To see how shale might impact flavor, try the Mount Eden Estate Chardonnay produced from grapes that grow in infertile Franciscan shale.
To truly determine if a positive association exists between soil and a wine’s flavor, you would have to do control for all possible intervening factors: vine age and density, viticulture practices, climate, slope, aspect, harvest date/vintage, fermentation, maturation, age and more. But it’s a fun experiment to do, and that’s also why we have statistics, to look for associations not necessarily causation.
While we cannot say that we can taste actual minerality in either the Sandhi or Mount Eden Chardonnay, we might predict that Sandhi has greater acidity due to the high pH in DE and that the Mount Eden might be fuller-bodied due to the heat-retention character of shale. Although it would be exceedingly difficult at this stage in our collective knowledge to assign soil a specific weight in the equation, clearly it can be a player in the game.
Approaching a true definition of terroir
Although the soil debate is unlikely to be resolved soon, most can agree on two points. First, the concept of minerality does not mean you can taste actual minerals in a wine; rather, you are tasting the suggestion of minerality through different qualities the soil brings forth, whether it is pronounced acidity, restrained alcohol, or something else. Second, soil might be only one component of terroir, but that does not diminish its significance. Dirt may soon well matter more than ever. As researchers learn more about soil by drilling down into its living microbes and DNA, they might validate once and for all that terroir—defined by a variety’s microbial footprint—is real. Conversely, we should at least ponder which qualities in wine we might lose if soil-free grape farming ever takes off. For now, when we hear or use descriptors such as minerality, flintiness, wet stone, petrol, or other any other geological descriptions, we should keep in mind that these are figurative rather than literal.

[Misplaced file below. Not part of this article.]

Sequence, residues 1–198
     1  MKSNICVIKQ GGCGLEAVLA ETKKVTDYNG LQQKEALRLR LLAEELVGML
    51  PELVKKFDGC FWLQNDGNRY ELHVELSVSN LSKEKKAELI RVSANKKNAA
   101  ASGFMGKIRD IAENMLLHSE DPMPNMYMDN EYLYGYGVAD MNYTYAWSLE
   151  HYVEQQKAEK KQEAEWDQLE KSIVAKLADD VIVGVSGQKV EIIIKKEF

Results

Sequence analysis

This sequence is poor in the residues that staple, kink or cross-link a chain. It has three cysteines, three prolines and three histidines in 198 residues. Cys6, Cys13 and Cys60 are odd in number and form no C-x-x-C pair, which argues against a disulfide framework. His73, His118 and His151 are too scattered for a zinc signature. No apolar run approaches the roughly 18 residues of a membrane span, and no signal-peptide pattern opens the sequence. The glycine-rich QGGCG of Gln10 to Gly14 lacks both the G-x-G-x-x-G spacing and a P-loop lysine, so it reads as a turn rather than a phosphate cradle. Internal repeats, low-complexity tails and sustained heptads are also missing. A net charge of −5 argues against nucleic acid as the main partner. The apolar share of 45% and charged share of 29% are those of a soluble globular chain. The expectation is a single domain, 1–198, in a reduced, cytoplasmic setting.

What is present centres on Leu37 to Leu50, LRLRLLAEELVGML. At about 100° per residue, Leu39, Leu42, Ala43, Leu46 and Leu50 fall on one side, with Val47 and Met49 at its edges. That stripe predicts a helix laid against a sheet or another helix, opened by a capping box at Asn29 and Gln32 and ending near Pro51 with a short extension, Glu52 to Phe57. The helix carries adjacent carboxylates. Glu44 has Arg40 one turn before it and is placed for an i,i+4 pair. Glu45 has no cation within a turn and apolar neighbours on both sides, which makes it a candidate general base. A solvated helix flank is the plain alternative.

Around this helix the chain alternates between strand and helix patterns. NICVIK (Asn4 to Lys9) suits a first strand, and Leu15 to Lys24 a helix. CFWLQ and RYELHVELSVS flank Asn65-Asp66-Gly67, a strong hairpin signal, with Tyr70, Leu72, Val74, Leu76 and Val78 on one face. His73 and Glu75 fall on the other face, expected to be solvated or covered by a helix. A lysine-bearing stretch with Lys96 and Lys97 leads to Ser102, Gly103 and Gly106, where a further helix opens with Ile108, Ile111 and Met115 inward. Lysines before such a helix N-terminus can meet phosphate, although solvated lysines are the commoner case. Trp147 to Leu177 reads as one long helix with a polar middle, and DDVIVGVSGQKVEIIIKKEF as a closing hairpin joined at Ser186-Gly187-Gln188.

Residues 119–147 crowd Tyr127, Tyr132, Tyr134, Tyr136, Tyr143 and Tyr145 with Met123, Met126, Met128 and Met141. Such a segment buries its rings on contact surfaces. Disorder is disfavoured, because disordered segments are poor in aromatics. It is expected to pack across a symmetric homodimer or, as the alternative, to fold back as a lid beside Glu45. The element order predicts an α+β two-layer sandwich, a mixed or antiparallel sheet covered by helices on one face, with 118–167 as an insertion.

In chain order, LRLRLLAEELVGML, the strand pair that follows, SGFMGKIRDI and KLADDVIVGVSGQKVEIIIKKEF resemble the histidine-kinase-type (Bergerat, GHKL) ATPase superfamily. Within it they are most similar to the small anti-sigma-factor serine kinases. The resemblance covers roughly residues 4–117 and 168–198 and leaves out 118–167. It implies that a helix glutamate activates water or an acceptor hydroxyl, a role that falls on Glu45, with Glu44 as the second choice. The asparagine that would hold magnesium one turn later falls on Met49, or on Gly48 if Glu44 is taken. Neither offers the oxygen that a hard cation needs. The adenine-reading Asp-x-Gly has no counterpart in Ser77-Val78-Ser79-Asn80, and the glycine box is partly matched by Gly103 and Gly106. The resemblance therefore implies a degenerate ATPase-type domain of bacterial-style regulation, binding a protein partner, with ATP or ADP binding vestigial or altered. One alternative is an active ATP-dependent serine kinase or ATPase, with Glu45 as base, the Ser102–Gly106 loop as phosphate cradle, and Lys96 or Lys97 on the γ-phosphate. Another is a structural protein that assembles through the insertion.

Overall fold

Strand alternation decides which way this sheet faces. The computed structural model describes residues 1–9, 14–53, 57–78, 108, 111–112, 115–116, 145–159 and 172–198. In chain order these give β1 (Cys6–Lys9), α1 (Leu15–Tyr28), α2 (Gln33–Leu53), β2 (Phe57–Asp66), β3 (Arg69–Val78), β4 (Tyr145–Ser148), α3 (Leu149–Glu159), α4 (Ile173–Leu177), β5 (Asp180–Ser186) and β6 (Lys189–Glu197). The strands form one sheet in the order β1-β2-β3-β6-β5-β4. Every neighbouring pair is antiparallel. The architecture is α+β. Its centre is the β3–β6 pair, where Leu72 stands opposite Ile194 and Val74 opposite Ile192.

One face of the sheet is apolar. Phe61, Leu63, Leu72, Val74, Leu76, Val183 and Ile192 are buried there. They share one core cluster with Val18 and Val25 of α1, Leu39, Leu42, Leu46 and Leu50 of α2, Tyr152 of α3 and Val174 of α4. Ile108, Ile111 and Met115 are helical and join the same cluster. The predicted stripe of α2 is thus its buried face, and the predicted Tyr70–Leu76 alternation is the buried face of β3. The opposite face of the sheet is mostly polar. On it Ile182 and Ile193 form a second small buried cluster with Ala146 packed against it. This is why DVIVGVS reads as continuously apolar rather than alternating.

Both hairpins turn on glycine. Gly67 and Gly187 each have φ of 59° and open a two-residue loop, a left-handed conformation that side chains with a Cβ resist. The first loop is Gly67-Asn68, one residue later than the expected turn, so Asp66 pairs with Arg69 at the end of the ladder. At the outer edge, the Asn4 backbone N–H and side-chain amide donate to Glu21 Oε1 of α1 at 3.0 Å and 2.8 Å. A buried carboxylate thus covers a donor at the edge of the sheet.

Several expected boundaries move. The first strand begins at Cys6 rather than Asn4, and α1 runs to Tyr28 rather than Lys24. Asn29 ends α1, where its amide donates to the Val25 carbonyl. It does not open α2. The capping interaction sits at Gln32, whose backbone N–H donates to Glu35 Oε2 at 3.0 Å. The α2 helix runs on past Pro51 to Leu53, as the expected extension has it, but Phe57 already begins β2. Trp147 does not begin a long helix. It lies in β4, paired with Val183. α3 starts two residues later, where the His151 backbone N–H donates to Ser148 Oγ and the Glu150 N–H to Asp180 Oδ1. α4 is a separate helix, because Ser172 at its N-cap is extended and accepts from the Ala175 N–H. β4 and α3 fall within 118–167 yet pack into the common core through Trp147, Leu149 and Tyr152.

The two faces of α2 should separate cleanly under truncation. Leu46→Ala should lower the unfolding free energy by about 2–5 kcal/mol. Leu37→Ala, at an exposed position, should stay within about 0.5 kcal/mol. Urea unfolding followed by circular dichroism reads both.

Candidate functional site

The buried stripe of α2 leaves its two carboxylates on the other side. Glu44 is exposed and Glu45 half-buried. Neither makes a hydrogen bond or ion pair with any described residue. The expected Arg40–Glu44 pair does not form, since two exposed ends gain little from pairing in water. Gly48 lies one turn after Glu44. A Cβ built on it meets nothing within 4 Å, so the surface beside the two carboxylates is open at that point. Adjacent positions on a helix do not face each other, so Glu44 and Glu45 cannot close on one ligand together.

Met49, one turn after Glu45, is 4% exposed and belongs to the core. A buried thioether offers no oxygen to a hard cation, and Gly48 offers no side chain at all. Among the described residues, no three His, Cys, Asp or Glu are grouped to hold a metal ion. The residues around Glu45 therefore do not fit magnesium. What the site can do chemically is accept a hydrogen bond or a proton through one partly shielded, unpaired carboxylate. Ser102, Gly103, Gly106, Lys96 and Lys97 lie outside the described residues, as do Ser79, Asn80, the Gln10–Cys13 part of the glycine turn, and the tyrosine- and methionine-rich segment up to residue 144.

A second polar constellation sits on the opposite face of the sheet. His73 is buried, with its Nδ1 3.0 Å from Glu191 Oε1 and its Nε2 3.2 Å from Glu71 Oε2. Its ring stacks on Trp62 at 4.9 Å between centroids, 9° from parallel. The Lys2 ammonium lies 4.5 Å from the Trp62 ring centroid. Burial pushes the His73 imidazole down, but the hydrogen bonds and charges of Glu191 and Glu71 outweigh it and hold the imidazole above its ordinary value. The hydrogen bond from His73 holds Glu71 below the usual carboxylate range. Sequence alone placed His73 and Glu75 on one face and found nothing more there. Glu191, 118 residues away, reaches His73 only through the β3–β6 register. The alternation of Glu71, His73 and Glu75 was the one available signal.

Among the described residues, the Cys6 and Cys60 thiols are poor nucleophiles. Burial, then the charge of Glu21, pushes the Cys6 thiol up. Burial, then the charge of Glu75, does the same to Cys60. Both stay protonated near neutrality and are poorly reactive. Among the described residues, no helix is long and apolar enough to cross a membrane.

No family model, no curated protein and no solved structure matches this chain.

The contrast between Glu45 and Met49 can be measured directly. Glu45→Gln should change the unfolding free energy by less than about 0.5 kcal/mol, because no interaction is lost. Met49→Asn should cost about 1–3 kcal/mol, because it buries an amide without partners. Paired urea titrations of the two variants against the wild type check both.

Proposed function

Knowing the soil in which the grapes were grown for the wine you’re drinking is a gentle reminder that we really are tied to the land. Surely, it is a far better recommendation to lay down our cell phones, dine together, and drink wine – pausing to reflect on the soil that nurtured the grapes in our glass to ripeness and the dedicated hearts and hands that guided them to fruition.
[i] MacNeil, Karen. The Wine Bible, 2nd Edition. New York: Workman Publishing, 2015. Print. Page 28.
[ii] Alice Feiring, Alice. The Dirty Guide to Wine. New York: The Countryman Press, 2017. Print. Page 40.
[iii] MacNeil, The Wine Bible, 27.
[iv] Stevenson, Tom. “A wine lover’s guide to vineyard soils”. Timatkin.com. Web.
[v] Jefford, Andrew. “Jefford on Monday: Redressing the balance.” Decanter. TI Media Limited, 9 July 2018. Web.
[vi] Feiring, Alice. Ibid. p. 17.
[vii] Feiring, Alice. Ibid. p. 40.
[viii] Maltman, Alex. “On rocky ground: The science of soil and wine taste.” Decanter.com. Web
[ix] Dimos, John. “Proving Terroir is Real with John Dimos, Biome Makers Wine.” Host Elizabeth Schneider. Wine for Normal People. 7 June 2017.
[x] Gaiser, Tim. “Terroir: The Missing Link.” Timgaiser.com. Web
[xi] Maltman, Alex. “On rocky ground: The science of soil and wine taste.” Decanter.com. Web
[xii] “Wine Crush: How Diatomaceous Earth Plays a Role in Wine Making”. Dicalite.com. Web. November 2017.